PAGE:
The much anticipated Apple Watch is a few weeks from making its debut in the United States. With the new device, people will be able to do a host of new things, including pay for a meal with a wave of the wrist, unlocking car doors without a key, tracking workouts and heartrate. Probably the best feature of the new watch is that someone can do all of this without ever taking a phone out of their pocket. Perfect for driving, right? Do not be fooled, you can probably still get a ticket if you are caught using the Apple Watch while driving.
Under New York Vehicle and Traffic Law Section 1225-d, the Apple Watch will undoubtedly fall within at least 4 definitions of the term “portable electronic device.”
After all, the Apple Watch is all of the following:
- “broadband personal communication device”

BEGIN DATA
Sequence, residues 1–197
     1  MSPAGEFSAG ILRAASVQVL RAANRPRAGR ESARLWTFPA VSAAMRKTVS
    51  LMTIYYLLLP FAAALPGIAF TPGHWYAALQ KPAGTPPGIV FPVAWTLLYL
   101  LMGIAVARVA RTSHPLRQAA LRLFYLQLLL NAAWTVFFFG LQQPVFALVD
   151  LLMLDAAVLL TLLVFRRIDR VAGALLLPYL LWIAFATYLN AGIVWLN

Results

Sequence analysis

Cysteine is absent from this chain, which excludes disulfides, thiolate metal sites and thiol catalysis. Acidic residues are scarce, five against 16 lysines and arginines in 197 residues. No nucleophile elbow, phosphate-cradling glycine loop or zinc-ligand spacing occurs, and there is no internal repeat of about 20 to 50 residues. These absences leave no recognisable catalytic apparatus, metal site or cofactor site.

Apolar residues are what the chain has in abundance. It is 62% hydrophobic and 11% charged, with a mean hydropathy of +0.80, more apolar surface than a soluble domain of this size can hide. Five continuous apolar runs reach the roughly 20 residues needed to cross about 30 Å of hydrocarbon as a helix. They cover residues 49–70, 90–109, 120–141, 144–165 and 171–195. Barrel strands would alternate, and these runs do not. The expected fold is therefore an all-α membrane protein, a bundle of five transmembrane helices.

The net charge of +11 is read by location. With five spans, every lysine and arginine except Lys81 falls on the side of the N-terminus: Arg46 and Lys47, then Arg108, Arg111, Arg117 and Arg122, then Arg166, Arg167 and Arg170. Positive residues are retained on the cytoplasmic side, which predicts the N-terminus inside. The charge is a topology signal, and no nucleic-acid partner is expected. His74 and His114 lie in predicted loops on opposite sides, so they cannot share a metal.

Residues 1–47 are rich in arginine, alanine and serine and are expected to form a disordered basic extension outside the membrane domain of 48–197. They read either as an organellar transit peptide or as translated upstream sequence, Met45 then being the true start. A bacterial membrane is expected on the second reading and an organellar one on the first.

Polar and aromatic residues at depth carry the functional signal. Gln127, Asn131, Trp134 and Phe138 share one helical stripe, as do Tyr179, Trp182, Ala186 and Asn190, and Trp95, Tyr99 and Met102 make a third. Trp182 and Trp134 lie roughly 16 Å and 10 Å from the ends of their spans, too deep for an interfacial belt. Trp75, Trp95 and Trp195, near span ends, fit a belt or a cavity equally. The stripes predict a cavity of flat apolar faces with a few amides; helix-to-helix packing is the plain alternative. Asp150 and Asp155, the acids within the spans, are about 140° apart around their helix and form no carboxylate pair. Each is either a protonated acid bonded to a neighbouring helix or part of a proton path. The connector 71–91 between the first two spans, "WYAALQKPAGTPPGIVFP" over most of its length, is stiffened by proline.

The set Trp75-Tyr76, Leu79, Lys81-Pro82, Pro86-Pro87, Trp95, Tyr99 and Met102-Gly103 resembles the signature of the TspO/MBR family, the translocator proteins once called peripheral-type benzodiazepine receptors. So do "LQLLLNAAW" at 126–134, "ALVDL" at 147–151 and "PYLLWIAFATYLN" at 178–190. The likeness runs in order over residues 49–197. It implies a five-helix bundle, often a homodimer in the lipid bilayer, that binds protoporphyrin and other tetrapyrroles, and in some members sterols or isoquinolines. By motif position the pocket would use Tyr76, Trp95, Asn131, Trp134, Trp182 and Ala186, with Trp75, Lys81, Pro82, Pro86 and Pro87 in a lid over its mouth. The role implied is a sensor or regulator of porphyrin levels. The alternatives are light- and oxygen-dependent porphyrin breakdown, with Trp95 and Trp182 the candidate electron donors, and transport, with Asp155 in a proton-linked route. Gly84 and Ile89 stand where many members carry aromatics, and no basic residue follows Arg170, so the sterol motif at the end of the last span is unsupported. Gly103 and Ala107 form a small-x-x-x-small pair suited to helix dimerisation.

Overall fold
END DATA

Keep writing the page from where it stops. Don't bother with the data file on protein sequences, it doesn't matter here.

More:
- “two-way messaging device”
- “portable computing device”
- “or any other electronic device when used to input, write, send, receive, or read text for present or future communication”
See N.Y. Veh. & Traf. Law § 1225-d (2)(a) (McKinney)
With that said, if you are caught using the watch, you are subject to the same five point traffic ticket as someone talking on their cell phone, or texting while driving.
“Using,” however, may be a little unclear. According to the Vehicle and Traffic Law, a person is said to be “using” a portable electronic device if they are holding the device. See N.Y. Veh. & Traf. Law § 1225-d (2)(b) (McKinney). People typically wear watches on their wrists, they do not hold them. However it is likely that courts will find that accessing information on a wristwatch still qualifies as violating this section
of the vehicle and traffic law.
While it remains to be seen how law enforcement and the courts will interpret the use of the Apple Watch if it rests on someone’s wrist, it is probably best to play it safe; wait until you get where you are going before checking your Apple Watch.